When you see these diagrams of an opening cervix, you can see how a posterior lip would be unlikely because in actuality, the cervix opens in an elliptical fashion and not concentrically. The baby’s head dilates the cervix more with each contraction pulling the anterior part of the cervix with it. When the head is not centered evenly on the cervix, one side may dilate more than the other resulting in an anterior lip.
Wikipedia defines an anterior lip as: “The anterior section of the cervix is nearly always the last part of the woman’s cervix to be finally taken up into the lower segment of the uterus. An anterior lip occurs when the top of the cervix swells, but the rest of the cervix has completely dilated. An anterior lip can slow the woman’s progress from the 1st to 2nd stage of labor, because the swelling will usually take time to reduce, before enabling the woman’s cervix to be pulled up, and around, the baby’s head.” concentric
Women are frequently told they may have a swollen anterior lip that is impeding progress in labor. What can a woman in labor do?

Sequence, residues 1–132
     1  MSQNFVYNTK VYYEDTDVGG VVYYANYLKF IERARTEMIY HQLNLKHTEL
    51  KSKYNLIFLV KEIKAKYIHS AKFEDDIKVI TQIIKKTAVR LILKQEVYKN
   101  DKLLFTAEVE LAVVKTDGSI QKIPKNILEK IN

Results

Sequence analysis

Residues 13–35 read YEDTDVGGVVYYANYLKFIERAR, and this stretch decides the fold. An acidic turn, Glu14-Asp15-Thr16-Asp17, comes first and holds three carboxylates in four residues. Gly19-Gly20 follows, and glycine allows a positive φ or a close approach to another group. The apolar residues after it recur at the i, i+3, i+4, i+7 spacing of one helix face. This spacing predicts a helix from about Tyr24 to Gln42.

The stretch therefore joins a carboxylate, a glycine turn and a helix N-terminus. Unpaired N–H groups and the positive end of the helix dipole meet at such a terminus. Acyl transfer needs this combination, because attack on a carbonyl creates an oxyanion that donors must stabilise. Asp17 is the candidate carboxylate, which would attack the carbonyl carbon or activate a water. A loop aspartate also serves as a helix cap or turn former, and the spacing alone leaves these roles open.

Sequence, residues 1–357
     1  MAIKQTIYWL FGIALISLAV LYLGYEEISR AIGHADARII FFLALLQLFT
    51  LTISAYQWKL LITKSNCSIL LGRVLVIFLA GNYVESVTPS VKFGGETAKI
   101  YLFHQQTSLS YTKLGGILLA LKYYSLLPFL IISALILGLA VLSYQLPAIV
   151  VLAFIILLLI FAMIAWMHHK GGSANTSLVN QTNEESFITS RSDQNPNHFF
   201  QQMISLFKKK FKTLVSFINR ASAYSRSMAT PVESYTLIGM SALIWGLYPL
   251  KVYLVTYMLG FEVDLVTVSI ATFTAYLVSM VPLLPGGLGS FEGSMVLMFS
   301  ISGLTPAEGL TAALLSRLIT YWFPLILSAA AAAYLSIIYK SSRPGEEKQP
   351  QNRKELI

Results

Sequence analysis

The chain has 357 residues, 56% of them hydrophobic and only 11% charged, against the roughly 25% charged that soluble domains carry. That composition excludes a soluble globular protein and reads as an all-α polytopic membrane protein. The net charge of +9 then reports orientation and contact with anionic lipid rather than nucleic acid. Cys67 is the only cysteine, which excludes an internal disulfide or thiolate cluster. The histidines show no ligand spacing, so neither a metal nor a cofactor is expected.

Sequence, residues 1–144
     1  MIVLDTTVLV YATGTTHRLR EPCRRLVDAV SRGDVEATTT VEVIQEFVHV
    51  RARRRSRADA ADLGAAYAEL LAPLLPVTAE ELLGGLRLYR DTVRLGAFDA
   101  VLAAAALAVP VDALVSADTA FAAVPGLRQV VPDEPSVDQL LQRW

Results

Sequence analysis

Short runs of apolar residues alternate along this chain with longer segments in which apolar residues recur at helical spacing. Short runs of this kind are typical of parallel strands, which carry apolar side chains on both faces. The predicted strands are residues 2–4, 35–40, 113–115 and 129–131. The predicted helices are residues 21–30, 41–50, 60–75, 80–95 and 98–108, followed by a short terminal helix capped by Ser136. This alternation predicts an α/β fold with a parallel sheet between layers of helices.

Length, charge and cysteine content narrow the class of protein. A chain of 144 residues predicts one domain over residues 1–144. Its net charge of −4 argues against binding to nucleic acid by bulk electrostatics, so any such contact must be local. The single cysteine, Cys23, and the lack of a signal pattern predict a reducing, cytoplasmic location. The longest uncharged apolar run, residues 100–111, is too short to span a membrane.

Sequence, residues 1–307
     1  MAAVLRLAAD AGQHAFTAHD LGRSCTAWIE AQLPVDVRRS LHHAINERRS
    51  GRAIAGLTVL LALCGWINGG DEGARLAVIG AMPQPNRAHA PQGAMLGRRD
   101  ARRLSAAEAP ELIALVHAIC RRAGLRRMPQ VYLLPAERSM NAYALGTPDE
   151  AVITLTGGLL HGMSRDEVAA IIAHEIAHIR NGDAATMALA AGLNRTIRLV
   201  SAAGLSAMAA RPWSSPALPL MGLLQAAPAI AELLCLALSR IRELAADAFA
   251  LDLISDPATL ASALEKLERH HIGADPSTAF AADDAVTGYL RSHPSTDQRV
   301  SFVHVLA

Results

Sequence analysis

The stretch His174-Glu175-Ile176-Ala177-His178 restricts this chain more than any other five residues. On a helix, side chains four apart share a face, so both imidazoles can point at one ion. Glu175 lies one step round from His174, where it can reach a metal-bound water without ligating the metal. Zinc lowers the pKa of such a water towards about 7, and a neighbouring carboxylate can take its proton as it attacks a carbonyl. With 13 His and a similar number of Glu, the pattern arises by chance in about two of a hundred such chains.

- Try to push through the cervix but only if she feels an urge to push. When the cervix simply isn’t ready it can just become more swollen.
- Changing positions a lot throughout labor will help to avoid malpositions. Position changes will help keep the baby moving and rotating into optimal positions so the baby’s head will be presented evenly on the cervix. Upright positions or hands and knees are best. Try lunges, trunk rotation, walking up and down steps or marching in place, rocking the pelvis, or hanging from a rope. Using a rebozo can give even more sway to the hips when used to make a figure eight in a standing position.
- Some midwives will place an ice cube on the lip and leave it there for a few minutes. They say this works every time for them.
The woman who was told she had a posterior lip – well, it just shows we have to be informed consumers.